Handling a Large Universe of Stock Price Data in R: Profiling with profvis

Posted on May 22, 2020 by Kris Longmore
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Recently, we wrote about calculating mean rolling pairwise correlations between the constituent stocks of an ETF.

The tidyverse tools dplyr and slider solve this somewhat painful data wrangling operation about as elegantly and intuitively as possible.

Why did you want to do that?

We’re building a statistical arbitrage strategy that relies on indexation-driven trading in the constituents. We wrote about an early foray into this trade – we’re now taking the concepts a bit further.

But what about the problem of scaling it up?

When we performed this operation on the constituents of the XLF ETF, our largest intermediate dataframe consisted of around 3-million rows, easily within the capabilities of modern laptops.

XLF currently holds 68 constituent stocks. So for any day, we have  \frac{68*67}{2} = 2,278 correlations to estimate (67 because we don’t want the diagonal of the correlation matrix, take half as we only need its upper or lower triangle).

We calculated five years of rolling correlations, so we had  5*250*2,278 = 2,847,500 correlations in total.

Piece of cake.

The problem gets a lot more interesting if we consider the SPY ETF and its 500 constituents.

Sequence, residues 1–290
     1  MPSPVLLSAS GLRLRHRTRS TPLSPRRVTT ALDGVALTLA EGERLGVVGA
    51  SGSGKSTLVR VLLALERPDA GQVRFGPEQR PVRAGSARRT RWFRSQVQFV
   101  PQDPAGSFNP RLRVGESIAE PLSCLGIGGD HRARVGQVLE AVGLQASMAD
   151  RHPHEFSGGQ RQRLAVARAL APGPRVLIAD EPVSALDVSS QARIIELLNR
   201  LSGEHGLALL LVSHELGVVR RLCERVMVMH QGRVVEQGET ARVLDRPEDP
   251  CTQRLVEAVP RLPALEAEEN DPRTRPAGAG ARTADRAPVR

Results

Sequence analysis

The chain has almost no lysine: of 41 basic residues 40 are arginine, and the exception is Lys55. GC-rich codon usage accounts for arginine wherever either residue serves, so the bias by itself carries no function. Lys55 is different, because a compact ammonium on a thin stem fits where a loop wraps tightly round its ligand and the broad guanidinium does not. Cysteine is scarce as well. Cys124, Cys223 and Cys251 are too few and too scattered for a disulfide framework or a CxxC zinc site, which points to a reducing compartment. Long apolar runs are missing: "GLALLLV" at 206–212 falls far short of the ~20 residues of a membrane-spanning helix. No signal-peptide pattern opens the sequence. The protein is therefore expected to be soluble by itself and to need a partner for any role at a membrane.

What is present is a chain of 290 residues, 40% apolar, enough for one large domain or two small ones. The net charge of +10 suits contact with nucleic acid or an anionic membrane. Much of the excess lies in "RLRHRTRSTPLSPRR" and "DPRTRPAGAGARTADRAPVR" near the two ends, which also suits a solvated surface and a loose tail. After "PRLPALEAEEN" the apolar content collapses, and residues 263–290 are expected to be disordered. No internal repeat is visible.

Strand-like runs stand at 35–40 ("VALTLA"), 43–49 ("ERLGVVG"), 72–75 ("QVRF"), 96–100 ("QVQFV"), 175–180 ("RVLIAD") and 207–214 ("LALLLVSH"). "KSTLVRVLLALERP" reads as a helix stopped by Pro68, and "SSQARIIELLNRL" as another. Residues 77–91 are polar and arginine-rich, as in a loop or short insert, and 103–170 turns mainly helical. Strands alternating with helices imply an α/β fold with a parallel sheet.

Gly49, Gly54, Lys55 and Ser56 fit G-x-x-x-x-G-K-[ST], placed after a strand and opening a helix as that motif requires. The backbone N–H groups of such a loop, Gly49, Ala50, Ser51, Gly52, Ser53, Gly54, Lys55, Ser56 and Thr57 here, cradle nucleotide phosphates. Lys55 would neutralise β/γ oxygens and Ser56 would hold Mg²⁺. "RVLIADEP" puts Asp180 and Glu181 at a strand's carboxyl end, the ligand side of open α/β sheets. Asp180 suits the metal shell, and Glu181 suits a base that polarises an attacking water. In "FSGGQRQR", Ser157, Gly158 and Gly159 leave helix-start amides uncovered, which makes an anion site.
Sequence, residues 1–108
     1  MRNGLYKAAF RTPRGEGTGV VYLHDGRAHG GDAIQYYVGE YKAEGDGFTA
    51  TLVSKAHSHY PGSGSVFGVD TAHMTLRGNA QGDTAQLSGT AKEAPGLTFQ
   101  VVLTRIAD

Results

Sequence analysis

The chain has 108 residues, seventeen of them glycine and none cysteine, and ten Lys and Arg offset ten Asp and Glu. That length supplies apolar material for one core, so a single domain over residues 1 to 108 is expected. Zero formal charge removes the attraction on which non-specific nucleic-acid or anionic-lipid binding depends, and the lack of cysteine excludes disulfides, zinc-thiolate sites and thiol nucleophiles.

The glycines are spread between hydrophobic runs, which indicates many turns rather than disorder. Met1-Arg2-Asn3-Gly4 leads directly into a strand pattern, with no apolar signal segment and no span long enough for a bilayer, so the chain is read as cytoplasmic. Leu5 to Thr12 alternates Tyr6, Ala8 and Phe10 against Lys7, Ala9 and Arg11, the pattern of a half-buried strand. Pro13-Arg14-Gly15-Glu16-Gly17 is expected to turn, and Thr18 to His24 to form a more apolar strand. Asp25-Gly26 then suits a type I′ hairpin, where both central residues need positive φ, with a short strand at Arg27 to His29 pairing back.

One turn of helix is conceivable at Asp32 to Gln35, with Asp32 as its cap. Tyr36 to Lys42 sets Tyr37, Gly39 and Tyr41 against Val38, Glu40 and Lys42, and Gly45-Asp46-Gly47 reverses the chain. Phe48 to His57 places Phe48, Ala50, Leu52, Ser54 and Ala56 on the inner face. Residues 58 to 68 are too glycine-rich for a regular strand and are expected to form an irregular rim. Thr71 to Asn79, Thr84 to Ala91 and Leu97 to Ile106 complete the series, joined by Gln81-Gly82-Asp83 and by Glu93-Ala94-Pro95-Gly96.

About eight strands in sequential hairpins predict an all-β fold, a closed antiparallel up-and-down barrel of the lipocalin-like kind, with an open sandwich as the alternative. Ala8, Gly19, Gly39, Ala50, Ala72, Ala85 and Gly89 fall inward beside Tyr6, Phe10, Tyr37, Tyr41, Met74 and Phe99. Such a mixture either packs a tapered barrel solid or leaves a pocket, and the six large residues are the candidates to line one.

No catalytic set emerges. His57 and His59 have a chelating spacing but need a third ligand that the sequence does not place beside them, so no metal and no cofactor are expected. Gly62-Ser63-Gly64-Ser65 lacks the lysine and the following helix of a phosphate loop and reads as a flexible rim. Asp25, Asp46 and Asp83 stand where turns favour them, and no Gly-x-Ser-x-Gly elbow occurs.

For any day, we’d have  \frac{500*499}{2} = 124,750 correlations to estimate. On five years of data, that’s 5*250*124,750 = 155,937,500 correlations in total.

I tried to do all of that at once in memory on my laptop…and failed.

So our original problem of designing the data wrangling pipeline to achieve our goal has now morphed into a problem of overcoming performance barriers.

There are a number of strategies that could be employed to solve this. So over a series of posts, we’ll explore the concept of writing performant R code via various approaches to solving our problem:

  • Getting more RAM by renting a big virtual machine in the cloud
  • Splitting the data into chunks and doing it sequentially in local memory (RAM and hard disk)
  • We could parallelise the above, say using foreach, but speed isn’t really the issue here, it’s RAM
  • Consider different data structures – data.table, Matrix – which will carry less overhead than a regular data.frame or tibble.